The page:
Some wee changes to our blog…

Coloured pencils

Image via Wikipedia

As many/some/a smattering/none of you know, this is an eclectic group blog loosely orbiting the topic of “writing”.  We are all part of a writing group that meets every other week in the Phoenix area, and we started this up as a way to encourage us to both write a little more, and to explore some of our ideas in an open forum.

The only guide has been each topic needs to be somehow “related to writing”, which has resulted in everything from posting short stories to explorations of the female archetype in literature. It’s been fun, but also all over the map. After batting it around a bit, we’ve decided to do some loose themes to try to help us bounce and build off of each others input.  The first one, starting this week, is “ideas”.  Where do they come from?  How do you develop yours?  etc.  Our rotation of authors is two weeks long, so this week and next will cover the “ideas” theme.

After that, we want to try our one-word exercises. In our group, we encourage at least writing a short story every time by selecting a random word to use as a seed for a short piece.  It’s an interesting exercise as the word often puts me out of my normal thought patterns and I come up with some very odd (for me) pieces.  We’ll be picking a word and then each of us will write using that word as the inspiration.

What we need is the word!  If you have any word you would like to suggest, leave it in the comments below. Same for any topics/themes you would like to see us use.

We appreciate the ideas, and appreciate you taking the time to read our blog!

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What’s your story about?


img from Jerry @ Flickr

I realized I was becoming a big(ger) writing geek when someone asked me “what’s your screenplay about”, and without thinking I replied “Do you mean what’s the story, or what’s it about?”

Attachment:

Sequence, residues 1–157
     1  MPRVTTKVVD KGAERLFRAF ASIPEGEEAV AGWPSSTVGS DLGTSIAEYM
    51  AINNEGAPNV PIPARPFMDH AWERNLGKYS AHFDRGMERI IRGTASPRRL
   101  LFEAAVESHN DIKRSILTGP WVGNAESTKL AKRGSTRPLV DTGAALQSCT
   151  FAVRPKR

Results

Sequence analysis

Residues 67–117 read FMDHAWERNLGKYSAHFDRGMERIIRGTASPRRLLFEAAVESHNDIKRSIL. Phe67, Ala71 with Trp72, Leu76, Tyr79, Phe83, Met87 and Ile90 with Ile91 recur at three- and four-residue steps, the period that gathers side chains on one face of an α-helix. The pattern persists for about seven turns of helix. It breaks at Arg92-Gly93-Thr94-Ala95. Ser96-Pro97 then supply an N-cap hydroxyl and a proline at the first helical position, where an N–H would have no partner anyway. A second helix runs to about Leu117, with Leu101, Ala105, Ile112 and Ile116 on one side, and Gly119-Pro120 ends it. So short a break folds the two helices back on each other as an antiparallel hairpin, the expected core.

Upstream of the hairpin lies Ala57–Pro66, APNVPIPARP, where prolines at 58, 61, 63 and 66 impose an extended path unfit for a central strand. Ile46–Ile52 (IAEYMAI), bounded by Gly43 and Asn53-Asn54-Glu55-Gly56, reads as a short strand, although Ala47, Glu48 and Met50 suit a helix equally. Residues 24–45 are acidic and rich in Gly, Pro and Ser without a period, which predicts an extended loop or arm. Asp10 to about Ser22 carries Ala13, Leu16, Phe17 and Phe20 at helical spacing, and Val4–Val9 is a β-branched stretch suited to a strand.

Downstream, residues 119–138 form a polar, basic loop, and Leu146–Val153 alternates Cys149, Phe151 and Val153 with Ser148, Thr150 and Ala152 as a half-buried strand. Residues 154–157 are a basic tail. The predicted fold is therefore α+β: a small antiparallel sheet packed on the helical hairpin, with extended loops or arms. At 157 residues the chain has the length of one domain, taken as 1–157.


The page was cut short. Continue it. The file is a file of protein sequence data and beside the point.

Of course he meant what is the story, but it made me realize how much I can get my head wrapped around this particular axle.

The Story

The story is the what happens and who is doing it of the writing. It’s where I start, either with an idea or a character, and build things out. Some of this is just mechanics, but it is still a place I’m learning and trying to improve. Stories without good characters, plot, and development have a fairly small readership. Usually among insomniacs.

As it develops, though, something odd happens. The story becomes “about something”. A theme develops. Or maybe just a perspective. A deeper meaning.

What’s It About

This is where I usually get into trouble. I see a pattern or an idea in my story, and instead of continuing to develop my story I start to worry about the idea. I wrote a piece once that started to incorporate some religious ideas. Suddenly I realized I had a pile of things that could be metaphors – like a group that had 12 members, or someone showing up after being thought dead. I got paranoid. Was I making it too heavy handed? Too obvious? Were there better metaphors to use?

I upended the story to try and hammer in cues and clues that I felt better supported my developing theme.  It was no great shock that I ended up with a mess.

It’s About The Story

I put the story away for a while, and came back to focus on the story. I ignored the little yammering voices that were guessing, second-guessing, and third-guessing my subconscious motives and just focused on the story. As a result, I made more progress with that “inner meaning” than when I was obsessing over it.

I did some minor tweaking in the end to support the theme that developed, but I treated it as a fairly minor cleanup item at the end. It was something I did alongside cleaning up plot consistency and character dialog.

In the end, focusing on the story worked out much better for me, and is what most people really are interested in anyway.